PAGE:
Jon Dunn/FIELD NOTES

Female Grosbeaks (Rose-breasted and Black-headed)

The Western Tanager, March 1977

Female-Grosbeaks-illustration-by-mary-ellen-pereyra

Illustration by Mary Ellen Pereyra

Rose-breasted Grosbeaks are rare but regular vagrants to California during late spring and autumn, and usually a few winter at feeders and other thickly-vegetated locations along the coast. Statistically, in fact, the Rose-breast is more likely than the Black-headed in winter, so every female and immature sighted should be examined with care. The mature males of these two species present no problems of identification. The young male Rose-breast basically resembles the female, but it normally has a trace of rosy color in the breast—and in flight the bright pink underwings will immediately separate it from any plumage of the Black-headed.

Telling the females apart, however, is another matter. Not only are the birds very similar, but the problem of identification is compounded by the fact that the plumage is somewhat variable, and the key characters emphasized in the field guides are not entirely reliable. Apart from the call note, no single character is, in itself, diagnostic—so the birder must rely on a combination of characters to identify the bird in question. This is especially the case if the bird shows ambiguous characteristics.

Probably the best field mark on the female Rose-breast is the heavy dark streaking running vertically across the whitish breast. The Black-headed tends to have a more buffy breast, with very fine streaks-restricted only to the sides of the breast. Also, the head stripes of the Rose breast tend to be whiter than the buffy stripes of the Black-headed. In addition, the Rose-breast has slightly more prominent back streaks, and the wing linings are a slightly brighter saffron hue—as opposed to the duller buff wing linings of the Black-headed.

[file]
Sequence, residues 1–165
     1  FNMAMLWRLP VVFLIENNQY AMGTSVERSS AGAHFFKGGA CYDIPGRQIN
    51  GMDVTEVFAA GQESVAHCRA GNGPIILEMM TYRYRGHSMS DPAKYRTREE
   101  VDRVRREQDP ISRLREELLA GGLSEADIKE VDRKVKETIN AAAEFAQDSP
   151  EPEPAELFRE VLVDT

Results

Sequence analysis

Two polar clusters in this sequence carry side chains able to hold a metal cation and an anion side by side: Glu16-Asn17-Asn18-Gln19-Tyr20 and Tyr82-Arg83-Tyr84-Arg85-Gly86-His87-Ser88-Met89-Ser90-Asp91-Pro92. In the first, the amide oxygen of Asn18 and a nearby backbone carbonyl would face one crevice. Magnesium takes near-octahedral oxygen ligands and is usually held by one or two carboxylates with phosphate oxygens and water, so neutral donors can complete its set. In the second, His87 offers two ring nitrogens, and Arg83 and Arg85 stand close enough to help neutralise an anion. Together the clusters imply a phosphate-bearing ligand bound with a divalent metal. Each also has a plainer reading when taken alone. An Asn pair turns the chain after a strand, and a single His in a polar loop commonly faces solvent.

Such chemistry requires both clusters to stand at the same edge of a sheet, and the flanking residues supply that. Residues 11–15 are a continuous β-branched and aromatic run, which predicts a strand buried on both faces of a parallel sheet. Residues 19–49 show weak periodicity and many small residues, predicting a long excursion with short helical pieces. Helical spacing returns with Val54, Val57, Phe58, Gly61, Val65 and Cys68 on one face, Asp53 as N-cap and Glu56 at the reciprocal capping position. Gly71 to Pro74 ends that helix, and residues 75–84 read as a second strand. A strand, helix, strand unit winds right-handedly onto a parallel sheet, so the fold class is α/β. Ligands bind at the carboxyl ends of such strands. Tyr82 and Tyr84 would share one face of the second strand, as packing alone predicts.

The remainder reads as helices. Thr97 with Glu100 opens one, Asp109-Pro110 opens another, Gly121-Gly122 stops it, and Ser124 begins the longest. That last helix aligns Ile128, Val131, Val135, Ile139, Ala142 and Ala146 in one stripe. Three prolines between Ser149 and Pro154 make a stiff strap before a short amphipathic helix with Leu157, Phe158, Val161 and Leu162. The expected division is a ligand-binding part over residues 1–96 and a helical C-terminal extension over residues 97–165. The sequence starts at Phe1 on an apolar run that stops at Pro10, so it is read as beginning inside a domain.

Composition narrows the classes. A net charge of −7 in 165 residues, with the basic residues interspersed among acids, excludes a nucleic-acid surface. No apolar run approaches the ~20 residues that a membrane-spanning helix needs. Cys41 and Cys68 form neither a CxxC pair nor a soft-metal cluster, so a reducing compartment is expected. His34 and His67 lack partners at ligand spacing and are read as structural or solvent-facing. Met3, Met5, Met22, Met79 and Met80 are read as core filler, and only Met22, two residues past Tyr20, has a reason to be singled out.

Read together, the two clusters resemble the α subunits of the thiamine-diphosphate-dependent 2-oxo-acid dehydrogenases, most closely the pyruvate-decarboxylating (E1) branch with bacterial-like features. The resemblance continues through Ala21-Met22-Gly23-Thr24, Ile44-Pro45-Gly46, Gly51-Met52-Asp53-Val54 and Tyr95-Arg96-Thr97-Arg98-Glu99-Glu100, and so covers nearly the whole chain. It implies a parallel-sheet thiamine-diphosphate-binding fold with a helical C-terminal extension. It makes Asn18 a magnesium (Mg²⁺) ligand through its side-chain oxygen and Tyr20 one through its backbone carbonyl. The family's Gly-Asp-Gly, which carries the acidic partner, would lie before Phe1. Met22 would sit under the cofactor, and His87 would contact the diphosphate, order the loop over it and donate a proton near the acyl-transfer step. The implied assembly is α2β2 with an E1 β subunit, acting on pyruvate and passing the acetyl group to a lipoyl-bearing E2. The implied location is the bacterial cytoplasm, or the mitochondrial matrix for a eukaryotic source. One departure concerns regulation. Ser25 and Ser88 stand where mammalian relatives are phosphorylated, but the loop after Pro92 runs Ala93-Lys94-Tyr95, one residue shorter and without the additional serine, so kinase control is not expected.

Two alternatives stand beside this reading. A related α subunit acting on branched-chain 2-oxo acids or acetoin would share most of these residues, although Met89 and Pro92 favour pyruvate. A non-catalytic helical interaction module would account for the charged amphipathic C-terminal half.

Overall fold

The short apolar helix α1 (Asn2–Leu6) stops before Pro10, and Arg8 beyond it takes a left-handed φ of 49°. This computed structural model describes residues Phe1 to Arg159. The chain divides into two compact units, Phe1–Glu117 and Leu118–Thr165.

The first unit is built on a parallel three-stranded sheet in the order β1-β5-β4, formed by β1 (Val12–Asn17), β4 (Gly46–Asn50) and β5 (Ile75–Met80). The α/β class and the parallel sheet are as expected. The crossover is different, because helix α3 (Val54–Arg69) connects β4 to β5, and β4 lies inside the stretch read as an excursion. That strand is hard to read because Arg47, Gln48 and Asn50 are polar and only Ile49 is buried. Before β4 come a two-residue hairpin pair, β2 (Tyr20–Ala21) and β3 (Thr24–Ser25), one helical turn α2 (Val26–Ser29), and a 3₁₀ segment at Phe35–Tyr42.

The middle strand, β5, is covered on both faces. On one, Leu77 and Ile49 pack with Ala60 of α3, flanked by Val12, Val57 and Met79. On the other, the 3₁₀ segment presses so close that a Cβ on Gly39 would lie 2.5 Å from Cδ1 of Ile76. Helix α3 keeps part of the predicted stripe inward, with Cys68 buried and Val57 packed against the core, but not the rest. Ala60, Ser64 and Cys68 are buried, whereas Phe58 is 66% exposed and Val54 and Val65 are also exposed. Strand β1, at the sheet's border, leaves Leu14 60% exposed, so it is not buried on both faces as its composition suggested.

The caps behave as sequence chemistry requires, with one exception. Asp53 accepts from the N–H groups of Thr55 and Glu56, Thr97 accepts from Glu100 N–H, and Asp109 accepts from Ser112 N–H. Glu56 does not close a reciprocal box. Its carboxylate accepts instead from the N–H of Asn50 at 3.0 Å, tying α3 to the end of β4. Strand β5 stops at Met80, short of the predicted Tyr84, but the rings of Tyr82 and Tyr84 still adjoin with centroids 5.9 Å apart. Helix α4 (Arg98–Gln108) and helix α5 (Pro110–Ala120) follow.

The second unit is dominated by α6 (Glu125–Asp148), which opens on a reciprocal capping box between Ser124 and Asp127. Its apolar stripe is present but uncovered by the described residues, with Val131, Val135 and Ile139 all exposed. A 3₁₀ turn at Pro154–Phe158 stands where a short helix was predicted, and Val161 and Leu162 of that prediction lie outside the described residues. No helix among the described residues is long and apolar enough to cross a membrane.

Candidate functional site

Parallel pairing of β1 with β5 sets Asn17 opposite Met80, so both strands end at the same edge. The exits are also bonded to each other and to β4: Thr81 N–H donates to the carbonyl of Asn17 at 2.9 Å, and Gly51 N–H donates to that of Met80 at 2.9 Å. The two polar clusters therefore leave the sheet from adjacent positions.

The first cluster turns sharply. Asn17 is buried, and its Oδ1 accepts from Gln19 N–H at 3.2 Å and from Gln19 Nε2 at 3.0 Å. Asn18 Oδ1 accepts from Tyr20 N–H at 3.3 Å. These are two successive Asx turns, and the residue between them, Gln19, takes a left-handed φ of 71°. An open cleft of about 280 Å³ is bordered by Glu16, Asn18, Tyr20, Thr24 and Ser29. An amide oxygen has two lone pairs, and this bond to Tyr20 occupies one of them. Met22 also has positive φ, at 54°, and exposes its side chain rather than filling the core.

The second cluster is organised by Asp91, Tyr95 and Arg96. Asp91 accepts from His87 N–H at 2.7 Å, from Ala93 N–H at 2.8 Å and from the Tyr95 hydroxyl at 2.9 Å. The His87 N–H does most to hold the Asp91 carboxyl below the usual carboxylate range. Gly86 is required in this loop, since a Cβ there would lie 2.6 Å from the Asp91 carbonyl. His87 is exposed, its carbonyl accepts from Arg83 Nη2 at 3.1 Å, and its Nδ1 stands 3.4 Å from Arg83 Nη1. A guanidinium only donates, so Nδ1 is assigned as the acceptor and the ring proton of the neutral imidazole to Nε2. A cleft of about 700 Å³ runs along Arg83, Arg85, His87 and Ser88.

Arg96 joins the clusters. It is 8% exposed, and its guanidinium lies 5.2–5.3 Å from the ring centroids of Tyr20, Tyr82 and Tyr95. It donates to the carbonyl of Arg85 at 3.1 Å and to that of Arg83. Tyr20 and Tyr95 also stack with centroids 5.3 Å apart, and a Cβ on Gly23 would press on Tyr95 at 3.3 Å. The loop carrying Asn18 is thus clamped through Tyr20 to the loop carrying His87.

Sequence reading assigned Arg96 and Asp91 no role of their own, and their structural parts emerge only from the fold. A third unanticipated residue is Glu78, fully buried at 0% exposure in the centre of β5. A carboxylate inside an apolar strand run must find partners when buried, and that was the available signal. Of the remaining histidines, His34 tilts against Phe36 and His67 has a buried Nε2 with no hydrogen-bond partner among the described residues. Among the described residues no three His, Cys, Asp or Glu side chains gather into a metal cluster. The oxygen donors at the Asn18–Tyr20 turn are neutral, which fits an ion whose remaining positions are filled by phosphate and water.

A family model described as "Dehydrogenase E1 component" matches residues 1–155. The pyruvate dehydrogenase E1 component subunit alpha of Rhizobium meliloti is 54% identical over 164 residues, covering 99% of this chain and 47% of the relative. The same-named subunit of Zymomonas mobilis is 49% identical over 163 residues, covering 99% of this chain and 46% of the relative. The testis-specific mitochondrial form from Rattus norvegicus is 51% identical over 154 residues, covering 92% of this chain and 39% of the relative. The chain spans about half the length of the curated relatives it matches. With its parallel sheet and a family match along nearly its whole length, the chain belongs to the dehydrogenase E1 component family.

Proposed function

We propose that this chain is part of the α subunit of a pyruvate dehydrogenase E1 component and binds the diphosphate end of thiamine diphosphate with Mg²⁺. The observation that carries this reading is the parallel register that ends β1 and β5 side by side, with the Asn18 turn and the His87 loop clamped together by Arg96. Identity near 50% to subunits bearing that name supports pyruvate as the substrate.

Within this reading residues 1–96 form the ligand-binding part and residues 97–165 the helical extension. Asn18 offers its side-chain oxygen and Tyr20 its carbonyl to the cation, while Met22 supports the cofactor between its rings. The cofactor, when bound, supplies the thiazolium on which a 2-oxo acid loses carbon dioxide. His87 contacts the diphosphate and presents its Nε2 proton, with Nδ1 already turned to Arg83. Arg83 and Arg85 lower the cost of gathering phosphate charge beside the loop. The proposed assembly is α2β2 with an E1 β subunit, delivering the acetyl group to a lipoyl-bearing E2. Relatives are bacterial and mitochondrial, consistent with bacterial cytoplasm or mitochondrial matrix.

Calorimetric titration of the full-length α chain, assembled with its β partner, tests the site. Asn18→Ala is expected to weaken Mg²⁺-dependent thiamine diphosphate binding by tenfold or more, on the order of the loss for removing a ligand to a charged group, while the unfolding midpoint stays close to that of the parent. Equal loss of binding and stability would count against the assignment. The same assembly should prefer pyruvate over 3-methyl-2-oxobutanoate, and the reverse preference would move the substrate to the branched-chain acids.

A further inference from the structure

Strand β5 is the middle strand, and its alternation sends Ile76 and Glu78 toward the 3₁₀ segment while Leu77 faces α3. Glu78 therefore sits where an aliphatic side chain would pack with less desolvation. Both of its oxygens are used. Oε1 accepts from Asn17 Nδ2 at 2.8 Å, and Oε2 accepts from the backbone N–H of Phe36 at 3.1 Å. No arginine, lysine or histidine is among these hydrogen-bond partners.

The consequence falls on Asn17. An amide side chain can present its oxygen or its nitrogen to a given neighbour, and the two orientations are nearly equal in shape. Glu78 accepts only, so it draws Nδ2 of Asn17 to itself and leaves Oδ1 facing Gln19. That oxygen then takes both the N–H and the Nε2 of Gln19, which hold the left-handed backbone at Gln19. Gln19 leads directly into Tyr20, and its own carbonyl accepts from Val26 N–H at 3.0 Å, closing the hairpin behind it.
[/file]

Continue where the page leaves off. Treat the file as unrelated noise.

Unfortunately, though, these marks are not always definitive. The female Rose-breast can sometimes have very thin streaks across a breast that has a slightly buffy cast. And conversely, the breast of a Black-headed can become quite worn (in late spring and summer), so that the buffy cast disappears. Logically, then, some birds must remain unidentified. Unless they are heard....

Although both species give a whistled wheet flight-note, the regular call notes of the two birds are diagnostic. The call note of the Rose-breast, a shark eek, is much more high-pitched and squeaky than that of the Black-headed. If one learns the call of the common Black-headed Grosbeak, then the call of the Rose-breast should sound quite distinctive, and provide confirmation of identification.

Originally Published in Western Tanager, Vol. 43 No. 6, March 1977


 

Transcribed for the Los Angeles Audubon Society (LAAS) Western Tanager "Articles from the Archives" www.laaudubon.org. July 2013 by SMC.